New photographs suggest an alternate theory.
Ask anyone on the street why the Titanic sank and you’ll get the same answer: “It hit an iceberg.”
As explanations for catastrophes go, this one is concise and straightforward. It’s man versus nature, plain and simple. Thanks in no small part to the film, it’s this account of how things went down that fateful night in the North Atlantic that’s stuck in the popular imagination.
But according to new evidence brought to light by journalist and Titanic historian Senan Molony, it also might be wrong — or, at least, it may not be the whole story.
In his new documentary, “Titanic: The New Evidence,” Molony argues that while the collision with the iceberg undoubtedly played a role in sending the Titanic and more than 1,500 of her passengers to the bottom of the ocean, it was a smoldering coal fire, burning for days before the ship even set sail, that turned what would’ve otherwise been a survivable collision into a fatal one.
Photographs discovered in an attic in Wiltshire in southern England form the basis of the theory. Taken by the Titanic’s engineering chief only days before the ship left its yard in Belfast, the photos reveal a dark, 30-foot-long mark on the hull’s front, starboard side, very near where it would later collide with the iceberg.
Molony brought the photographs to the engineers at the Imperial College of London where, upon analysis, they determined that the mark was mostly likely caused by a fire in one of the ship’s coal bunkers, a fire that began in Belfast and was still raging when the ship set sail from Southampton.
The theory of a coal fire aboard the Titanic, prior to its sinking, isn’t new. Spontaneous coal-fires have a well-documented history, but the photographs confirm for the first time what eyewitnesses had already suggested: that the blaze was raging in the belly of the ship even before she cast off. According to testimony from an anonymous officer who spoke to the New York Tribune only five days after the tragedy, not only was the fire burning “long before” the ship left Southampton, but the crew were instructed “not to talk about the disaster.”
Why would anyone let a flaming ship out to sea? The White Star Line who financed the Titanic made sure it was widely publicized as the largest vessel afloat. Reader’s Digest proclaimed it “THE UNSINKABLE TITANIC.” So confident were the ship’s engineers in its network of watertight bulkheads that the decision was famously made to give her only 20 lifeboats, rather than her capacity of 48. The company readily warped this into a selling point via advertisements that boasted, without irony, “40% fewer lifeboats. 40% MORE DECKSPACE.”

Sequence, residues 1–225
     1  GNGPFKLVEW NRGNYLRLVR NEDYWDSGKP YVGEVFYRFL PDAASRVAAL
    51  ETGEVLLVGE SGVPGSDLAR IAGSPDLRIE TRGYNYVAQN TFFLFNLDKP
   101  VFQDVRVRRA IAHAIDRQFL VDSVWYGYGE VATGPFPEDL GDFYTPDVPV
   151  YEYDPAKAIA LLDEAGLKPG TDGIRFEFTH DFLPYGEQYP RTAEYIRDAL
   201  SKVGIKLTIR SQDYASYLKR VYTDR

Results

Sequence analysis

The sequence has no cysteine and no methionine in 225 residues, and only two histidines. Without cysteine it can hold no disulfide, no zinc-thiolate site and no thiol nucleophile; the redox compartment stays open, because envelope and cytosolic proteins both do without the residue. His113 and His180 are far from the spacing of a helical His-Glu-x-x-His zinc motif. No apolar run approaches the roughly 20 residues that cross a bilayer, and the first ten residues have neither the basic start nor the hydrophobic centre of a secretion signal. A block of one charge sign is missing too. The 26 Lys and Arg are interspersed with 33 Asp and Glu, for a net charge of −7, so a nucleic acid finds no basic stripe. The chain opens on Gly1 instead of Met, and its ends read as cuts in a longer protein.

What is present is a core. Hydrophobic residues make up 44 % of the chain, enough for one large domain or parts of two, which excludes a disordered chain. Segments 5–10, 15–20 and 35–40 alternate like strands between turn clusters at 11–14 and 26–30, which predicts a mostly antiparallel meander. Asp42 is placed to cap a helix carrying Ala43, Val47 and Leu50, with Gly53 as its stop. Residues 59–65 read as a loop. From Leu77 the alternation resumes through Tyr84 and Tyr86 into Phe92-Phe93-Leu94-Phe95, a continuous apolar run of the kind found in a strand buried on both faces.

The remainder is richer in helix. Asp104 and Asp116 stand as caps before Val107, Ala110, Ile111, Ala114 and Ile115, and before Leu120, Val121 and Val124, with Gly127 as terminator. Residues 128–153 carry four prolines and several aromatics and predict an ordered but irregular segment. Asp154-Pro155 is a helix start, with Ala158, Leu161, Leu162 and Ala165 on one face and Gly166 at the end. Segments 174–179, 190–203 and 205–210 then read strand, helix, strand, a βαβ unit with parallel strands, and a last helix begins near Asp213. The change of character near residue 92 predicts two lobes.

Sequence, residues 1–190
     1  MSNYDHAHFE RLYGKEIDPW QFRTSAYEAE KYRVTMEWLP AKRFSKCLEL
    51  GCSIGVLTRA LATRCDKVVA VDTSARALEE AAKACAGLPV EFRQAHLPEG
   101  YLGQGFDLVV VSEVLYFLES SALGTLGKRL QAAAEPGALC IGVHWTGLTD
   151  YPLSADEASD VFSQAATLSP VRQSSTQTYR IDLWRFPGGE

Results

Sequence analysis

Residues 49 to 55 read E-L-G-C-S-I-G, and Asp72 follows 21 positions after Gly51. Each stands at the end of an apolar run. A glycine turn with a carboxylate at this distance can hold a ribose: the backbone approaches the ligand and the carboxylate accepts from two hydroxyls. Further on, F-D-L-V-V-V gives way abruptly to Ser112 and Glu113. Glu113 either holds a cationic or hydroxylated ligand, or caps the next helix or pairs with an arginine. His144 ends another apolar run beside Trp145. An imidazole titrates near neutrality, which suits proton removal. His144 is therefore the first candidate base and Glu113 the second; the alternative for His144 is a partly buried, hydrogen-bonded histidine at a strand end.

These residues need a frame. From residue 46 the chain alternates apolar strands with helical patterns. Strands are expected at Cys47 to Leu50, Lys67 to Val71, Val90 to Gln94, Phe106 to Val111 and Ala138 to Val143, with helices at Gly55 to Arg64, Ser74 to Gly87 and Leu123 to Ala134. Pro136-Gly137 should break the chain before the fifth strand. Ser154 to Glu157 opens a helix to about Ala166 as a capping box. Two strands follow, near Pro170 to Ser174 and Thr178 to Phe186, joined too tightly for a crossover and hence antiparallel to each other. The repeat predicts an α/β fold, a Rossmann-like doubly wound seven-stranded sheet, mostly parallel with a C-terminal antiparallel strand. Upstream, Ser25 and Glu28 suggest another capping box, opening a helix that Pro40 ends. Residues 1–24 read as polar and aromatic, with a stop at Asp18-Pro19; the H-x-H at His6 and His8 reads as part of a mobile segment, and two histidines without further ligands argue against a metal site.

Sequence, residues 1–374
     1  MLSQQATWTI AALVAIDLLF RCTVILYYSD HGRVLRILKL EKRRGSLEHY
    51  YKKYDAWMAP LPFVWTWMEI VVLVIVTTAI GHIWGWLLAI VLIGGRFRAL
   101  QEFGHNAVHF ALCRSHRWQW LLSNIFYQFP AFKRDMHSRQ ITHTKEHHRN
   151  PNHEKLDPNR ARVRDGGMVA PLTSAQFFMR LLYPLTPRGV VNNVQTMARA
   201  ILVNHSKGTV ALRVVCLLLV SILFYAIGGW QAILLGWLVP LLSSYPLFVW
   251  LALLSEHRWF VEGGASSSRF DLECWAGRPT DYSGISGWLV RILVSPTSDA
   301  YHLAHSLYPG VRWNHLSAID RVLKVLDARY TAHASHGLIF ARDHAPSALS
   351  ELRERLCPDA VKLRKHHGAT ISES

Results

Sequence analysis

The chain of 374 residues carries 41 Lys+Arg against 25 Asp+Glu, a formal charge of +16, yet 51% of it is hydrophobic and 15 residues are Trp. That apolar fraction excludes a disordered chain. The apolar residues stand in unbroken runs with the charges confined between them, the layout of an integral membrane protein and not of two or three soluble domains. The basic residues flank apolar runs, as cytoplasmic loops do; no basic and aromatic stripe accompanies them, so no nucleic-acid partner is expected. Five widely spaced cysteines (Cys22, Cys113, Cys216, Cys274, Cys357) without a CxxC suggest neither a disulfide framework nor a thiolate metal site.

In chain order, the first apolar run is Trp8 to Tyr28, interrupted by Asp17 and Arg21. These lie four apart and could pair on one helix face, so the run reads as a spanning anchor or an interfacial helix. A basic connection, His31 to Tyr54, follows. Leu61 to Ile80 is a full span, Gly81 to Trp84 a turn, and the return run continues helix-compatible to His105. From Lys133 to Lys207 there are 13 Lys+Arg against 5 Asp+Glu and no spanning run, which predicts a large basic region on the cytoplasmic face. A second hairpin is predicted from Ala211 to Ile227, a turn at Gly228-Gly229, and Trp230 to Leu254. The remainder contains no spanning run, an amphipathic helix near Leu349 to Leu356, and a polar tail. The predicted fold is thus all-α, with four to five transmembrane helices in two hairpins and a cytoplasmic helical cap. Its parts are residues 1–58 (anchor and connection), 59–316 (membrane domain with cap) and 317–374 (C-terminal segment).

Given the hype, to postpone the ship’s departure due to safety concerns would’ve been a financial and public relations disaster. But c’mon, who really NEEDS lifeboats anyway?
See? Perfectly safe.
According to the documentary, the fire could’ve exacerbated the damage done by the iceberg in a few ways.
First, because coal fires burn incredibly hot and tenaciously, rather than try to extinguish it with traditional methods, firefighters on board were combating the blaze by burning up as much of the coal in the bunker as possible. The hope was that the conflagration would eventually die out for lack of fuel. This would’ve been a sensible idea except for one precarious side-effect. It forced the ship to move unconscionably fast through the icy waters off Newfoundland. Higher speed = harder collision. The ship’s speed at the time of the collision was 22.5 knots (about 25 mph). Her top speed was 23 knots.
The fire also may have diminished the structural integrity of the hull, particularly the watertight seal between the coal bunker and bulkhead. This not only made it easier for the iceberg to tear through the reinforced steel, but also made it impossible for the ship to stay afloat once it had. The testimony of lead stoker Frederick Barrett from the official inquiry into the calamity confirms:
Question: What was the condition of the bulkhead running through the bunker?
Barrett: It was damaged from the bottom.
Question: Badly damaged?
Barrett: The bottom of the watertight compartment was dinged aft and the other part was dinged forward.
Question: What do you attribute that to?
Barrett: The fire.
Question: Do you mean to say the firing of the coal would dinge the bulkhead?
Because it’s damn near impossible to put a positive spin on “1,500 people drowned or froze to death, and we absolutely could’ve prevented it,” Molony concludes the White Star Line downplayed the effects of the fire during the investigation in order to save face.
“It’s a perfect storm of extraordinary factors coming together: fire, ice and criminal negligence,” he says, but not everyone is so convinced.
David Hill, formerly of the British Titanic Society, has come out against the theory. “When the Titanic hit the iceberg … it created a 300-foot-long line of damage on the starboard section,” he explained to The New York Times. “There certainly was a fire. Was it a life-changer? It’s my personal opinion that it didn’t make a difference.”
Regardless of what ultimately torpedoed the largest ship ever to sail, the magnitude of the tragedy and its overseers’ heedless stupidity is undeniable. Whichever way you slice it, it seems like the unsinkable ship was actually doomed from the start.